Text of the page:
| Posted on 2010-06-08 | by a guest


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Digging is a poem i can relate to as my brothers and father are civil engineers and im not sure i want to be one

| Posted on 2010-05-26 | by a guest


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I really enjoyed studying poems by heaney rather than gillian clarke.

| Posted on 2010-05-22 | by a guest


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"DIGGING the first poem of Heaney is a synecdoche, of sorts, for the poet entire oeuvre. It is a poem bases upon a childhood memory that is recollected in vivid detail. The memory often recalls as a rite of passage, epyphany, or wordsworthian 'spot of time' that either confirms or disturbs the poet's sense of self. The poem's diction is concrete, sensual,and relatively simple and is shaped by the poet's adept use of dialect,sound devices. The dominant image 'Digging'functions as an analogy for the writing process. Digging into the past, into myth and history. The poem points to Heaney's preocupation with origin. Heaney manages to mechanize the human spirit to come to life in the form of hid father and his grandfather. The past and the present become one, with the common bond the honest work of the Irish poor.
HEANEY's sensual loveof his native ground, his fascination with work and all kind of toos,his vision of poetry as a traditional laborious,and sustaining craft, like farming. the most important thing about 'digging' however, is that it takes the form of a promise, a committement from the poet to his father and grandfather whose lives were spent literally digging the soil. Heaney acknowledges that he is not a farmer, and will not follow their vocation. But he vows to translate their virtues into another kind of work:
the cold smell of potato mold, the squelch and slap
of soggy peat, the curt cuts of an edge
through living roots awaken in my head.
but i've no spade to follow men like them.
between my finger and my thumb
the squat pen rests
i'll dig with it.
Nadhufou Ibrahima Tabibou

| Posted on 2010-05-22 | by a guest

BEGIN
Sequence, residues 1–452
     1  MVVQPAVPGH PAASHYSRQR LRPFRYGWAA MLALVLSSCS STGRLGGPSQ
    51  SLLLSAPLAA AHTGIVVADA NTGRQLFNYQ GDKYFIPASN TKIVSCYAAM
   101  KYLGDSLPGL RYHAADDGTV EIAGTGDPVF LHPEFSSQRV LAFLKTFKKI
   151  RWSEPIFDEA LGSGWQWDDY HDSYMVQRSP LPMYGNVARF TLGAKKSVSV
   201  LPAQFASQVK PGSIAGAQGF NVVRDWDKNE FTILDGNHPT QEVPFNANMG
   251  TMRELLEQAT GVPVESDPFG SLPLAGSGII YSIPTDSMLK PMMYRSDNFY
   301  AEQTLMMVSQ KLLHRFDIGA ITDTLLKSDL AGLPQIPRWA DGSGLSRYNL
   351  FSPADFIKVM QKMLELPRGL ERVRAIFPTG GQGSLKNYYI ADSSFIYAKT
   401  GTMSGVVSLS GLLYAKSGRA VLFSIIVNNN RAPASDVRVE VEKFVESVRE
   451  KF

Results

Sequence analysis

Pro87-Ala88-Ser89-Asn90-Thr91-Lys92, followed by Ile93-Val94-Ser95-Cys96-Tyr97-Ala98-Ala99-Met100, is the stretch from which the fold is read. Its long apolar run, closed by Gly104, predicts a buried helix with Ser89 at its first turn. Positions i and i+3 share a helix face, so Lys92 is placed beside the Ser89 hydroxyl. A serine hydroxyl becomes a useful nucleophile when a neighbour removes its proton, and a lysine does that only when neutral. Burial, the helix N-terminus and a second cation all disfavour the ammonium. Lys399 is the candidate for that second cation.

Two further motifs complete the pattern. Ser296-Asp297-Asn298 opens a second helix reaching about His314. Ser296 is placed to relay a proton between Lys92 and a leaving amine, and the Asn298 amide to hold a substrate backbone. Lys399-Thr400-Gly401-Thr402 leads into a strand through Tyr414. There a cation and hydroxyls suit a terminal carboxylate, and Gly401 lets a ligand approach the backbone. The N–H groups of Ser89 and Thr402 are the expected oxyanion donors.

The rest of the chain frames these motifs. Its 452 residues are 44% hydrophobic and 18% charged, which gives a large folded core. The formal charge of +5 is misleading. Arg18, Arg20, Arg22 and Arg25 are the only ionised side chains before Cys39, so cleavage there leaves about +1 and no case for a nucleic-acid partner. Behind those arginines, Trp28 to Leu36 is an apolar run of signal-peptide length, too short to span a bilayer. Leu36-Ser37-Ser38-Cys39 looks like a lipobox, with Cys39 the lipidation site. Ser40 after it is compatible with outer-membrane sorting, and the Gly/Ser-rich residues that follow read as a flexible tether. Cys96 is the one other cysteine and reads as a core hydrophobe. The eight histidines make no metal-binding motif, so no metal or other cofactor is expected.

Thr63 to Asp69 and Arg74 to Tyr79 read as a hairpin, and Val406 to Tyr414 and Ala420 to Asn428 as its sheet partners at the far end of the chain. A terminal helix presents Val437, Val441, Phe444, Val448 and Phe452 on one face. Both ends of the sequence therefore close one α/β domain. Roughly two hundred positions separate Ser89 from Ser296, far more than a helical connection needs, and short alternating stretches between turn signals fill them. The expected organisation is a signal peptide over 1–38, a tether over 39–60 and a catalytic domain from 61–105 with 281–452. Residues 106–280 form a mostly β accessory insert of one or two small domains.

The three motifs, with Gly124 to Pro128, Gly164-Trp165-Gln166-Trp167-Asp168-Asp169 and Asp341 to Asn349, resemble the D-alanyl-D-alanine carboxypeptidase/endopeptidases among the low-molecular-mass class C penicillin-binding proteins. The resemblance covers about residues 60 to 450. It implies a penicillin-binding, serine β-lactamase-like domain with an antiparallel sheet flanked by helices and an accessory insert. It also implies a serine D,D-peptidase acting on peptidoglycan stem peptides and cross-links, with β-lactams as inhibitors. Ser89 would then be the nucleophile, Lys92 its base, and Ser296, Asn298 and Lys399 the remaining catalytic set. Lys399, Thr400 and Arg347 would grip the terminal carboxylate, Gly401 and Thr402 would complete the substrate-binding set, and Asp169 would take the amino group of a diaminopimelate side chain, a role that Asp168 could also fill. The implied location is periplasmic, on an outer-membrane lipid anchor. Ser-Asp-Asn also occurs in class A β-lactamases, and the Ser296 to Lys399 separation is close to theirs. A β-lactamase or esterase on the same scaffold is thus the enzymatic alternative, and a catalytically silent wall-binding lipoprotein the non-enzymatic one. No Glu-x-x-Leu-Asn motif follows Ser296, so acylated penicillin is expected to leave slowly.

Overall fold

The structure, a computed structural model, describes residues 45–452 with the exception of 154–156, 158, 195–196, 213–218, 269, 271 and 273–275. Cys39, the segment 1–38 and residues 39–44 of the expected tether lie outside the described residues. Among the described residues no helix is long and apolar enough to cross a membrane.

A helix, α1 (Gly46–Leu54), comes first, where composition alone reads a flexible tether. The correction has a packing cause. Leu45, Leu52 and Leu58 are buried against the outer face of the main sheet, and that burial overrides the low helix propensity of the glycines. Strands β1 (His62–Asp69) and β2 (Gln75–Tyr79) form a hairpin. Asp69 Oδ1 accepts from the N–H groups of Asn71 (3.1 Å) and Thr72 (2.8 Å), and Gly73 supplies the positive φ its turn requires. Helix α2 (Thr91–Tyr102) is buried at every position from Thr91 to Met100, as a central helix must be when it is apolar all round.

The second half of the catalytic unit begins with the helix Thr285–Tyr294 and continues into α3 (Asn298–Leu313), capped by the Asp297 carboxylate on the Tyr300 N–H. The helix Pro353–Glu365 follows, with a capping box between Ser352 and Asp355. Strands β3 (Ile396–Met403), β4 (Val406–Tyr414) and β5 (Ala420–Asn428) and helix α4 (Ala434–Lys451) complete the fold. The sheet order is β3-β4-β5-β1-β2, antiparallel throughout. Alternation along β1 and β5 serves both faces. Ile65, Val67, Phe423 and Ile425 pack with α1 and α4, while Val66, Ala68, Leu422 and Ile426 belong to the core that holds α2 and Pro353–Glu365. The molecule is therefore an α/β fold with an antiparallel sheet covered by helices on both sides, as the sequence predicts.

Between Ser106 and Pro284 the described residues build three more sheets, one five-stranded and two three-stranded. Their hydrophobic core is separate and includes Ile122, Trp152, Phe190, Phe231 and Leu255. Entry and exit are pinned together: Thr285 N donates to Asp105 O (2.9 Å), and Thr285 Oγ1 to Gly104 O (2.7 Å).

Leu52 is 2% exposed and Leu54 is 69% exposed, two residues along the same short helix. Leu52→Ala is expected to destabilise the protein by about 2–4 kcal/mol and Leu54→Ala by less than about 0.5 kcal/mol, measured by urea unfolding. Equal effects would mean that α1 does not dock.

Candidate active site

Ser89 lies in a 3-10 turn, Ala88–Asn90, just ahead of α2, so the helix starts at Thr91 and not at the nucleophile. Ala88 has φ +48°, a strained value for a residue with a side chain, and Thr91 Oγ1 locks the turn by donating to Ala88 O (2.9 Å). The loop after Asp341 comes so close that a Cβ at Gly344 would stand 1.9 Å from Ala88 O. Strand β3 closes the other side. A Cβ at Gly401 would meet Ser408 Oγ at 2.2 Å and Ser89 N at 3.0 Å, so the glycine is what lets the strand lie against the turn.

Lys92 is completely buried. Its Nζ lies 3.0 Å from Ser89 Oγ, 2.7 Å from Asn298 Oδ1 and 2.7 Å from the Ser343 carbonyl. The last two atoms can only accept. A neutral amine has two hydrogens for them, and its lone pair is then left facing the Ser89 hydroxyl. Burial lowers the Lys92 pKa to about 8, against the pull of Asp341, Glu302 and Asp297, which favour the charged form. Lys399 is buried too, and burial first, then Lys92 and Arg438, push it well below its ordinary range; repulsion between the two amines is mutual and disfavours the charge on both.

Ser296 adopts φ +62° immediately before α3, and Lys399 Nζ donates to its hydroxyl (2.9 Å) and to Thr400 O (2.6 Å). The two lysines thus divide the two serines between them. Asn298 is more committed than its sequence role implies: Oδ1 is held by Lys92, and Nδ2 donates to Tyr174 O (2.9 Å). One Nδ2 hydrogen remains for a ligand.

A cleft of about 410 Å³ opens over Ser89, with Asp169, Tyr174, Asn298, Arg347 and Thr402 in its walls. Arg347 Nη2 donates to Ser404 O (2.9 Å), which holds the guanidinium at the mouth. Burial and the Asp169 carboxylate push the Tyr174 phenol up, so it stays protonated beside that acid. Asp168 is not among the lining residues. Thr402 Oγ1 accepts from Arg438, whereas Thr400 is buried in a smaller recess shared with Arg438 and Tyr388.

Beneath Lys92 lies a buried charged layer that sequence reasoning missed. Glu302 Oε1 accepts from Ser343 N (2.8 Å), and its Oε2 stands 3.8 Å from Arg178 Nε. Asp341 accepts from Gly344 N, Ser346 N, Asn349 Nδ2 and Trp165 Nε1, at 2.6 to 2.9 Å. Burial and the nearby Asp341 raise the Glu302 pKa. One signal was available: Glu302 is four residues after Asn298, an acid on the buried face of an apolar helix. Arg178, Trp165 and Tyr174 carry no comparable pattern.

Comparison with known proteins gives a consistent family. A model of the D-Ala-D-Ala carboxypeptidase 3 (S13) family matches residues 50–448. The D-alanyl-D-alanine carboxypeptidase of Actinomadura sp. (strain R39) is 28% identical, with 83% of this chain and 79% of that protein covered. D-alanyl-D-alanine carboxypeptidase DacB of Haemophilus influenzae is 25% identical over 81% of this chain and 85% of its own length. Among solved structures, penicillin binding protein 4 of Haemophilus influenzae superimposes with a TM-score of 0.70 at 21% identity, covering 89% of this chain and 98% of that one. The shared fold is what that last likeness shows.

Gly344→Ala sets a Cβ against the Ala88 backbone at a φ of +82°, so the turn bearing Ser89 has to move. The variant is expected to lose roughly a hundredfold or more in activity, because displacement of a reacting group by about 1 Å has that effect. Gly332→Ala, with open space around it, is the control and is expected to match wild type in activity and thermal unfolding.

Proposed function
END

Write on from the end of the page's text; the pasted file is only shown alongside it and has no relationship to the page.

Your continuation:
.: :.

the poem Digging recollects his past memories regarding his forefathers profession. past memories sometime gives
inspiration to people as to Seamus Heaney. his choice to become a writer is a reflection of his inspiration from his forefathers. but in a very different way

| Posted on 2010-04-30 | by a guest


.: :.

the poem Digging recollects his past memories regarding his forefathers profession. past memories sometime gives
inspiration to people as to Seamus Heaney. his choice to become a writer is a reflection of his inspiration from his forefathers. but in a very different way

| Posted on 2010-04-30 | by a guest


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I think it is about how he thinks he wont amount to anything because his dad and grandfather farmed and he writes but he thinks he can still b something so he would dig with his pen (try to be like his grandfather and father) he would dig with his pen so he would be like them hard working and great but in a different way.

| Posted on 2010-04-25 | by a guest


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Heaney is effectively "digging" his memories at the instant he begins to write, he looks out his window and starts reminiscing about his past, he then becomes enthralled in guilt because he did not follow his grandfather, and fathers path, which leaves him feeling guilty and below them, he feels his forefathers were great men and he is not, however he still speaks of his pride in his own choice in a "pen is mightier than the sword" kind of way
Hope it helps guys :)
jacky - Scotland x

| Posted on 2010-04-21 | by a guest


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I am reading this poem from a marxist perspective. Does anyone see political or economic issues that I do not see?

| Posted on 2010-03-24 | by a guest


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I believe that this poem is about digging up Heaney's past child hood memories, hence the name "digging", the name is also a link to his father's potato profession. I'm 13 and analysing this poem for school.

| Posted on 2010-03-21 | by a guest


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Poem is good for the young people to remember the life of our forfathers in the past centuries.

Tharchen Rigsel

| Posted on 2010-03-19 | by a guest